By Cody Petterson
Regarding today's vote for San Diego City Council President, I'm going to spare all of you the dozens of pages I've written and rewritten over the last several weeks, and simply point out that this is the most consequential environmental vote that this Council will cast for the foreseeable future. One of the Councilmembers-Elect told a delegation the other day that whomever they voted for, they were still going to fight for a robust environmental and progressive agenda. The statement is self-evidently disingenuous.
The vote for council president is about setting the agenda, literally and figuratively, and it is absurd to claim that one is committed to prioritizing environmental and equity concerns while casting a vote that commits the Council to an agenda that is at best indifferent to them. This vote will determine whether efforts to protect our environment, confront the climate emergency, and foster a more equitable society face a head wind or a tail wind. It is a vote that will impact hundreds of other votes. It will have enduring consequences for our environment, and for the political futures of the voting councilmembers. As it should.
It is a vote that everyone now engaged in San Diego politics will remember, regardless of where they stand on the political spectrum, just as we remember, and in many ways are still living with the consequences of the Alvarez-Cole vote. The Chamber of Commerce and the BIA will remember. The POA will certainly remember and attempt to impose consequences, precisely because its leadership believes it will have persistent consequences for its members. But so too will the hundreds of organizers, activists, civic leaders, and the dozens of civil society organizations on the other side precisely because of, and in proportion to, the consequences they believe it will have for the environment, equity, and justice.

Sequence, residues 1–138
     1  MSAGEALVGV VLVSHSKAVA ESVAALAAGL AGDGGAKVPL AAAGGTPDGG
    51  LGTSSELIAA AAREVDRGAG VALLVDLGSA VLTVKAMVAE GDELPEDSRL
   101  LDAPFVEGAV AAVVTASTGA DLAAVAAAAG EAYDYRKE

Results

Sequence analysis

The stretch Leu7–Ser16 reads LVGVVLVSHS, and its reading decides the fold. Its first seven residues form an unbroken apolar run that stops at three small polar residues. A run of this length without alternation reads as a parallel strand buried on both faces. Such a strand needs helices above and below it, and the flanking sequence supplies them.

That is good. Consequences are good. The political consequences of a vote should be directly proportional to the magnitude of their impacts on the things we value. On our lives. On our families. On our world.
That is the essence of a genuine politics: to take responsibility for the broader consequences of one's decisions and actions, and to accept and weather the electoral and political consequence for oneself. Toward the end of his life, German sociologist and political economist Max Weber said, "It is immensely moving when a mature person—no matter whether old or young in years—is aware of a responsibility for the consequences of their conduct and really feels such responsibility with heart and soul. They then act by following an ethic of responsibility and somewhere they reach the point where they say: 'Here I stand; I can do no other.' That is something genuinely human and moving. And every one of us who is not spiritually dead must realize the possibility of finding themselves at some time in that position."
The Councilmembers will find themselves on the dais this afternoon in precisely such a position, some of them for the first time. May they think first and foremost of the consequences of their decision for our communities and our environment. May they always put the common good highest. Peace.
Photo by John Loughlin
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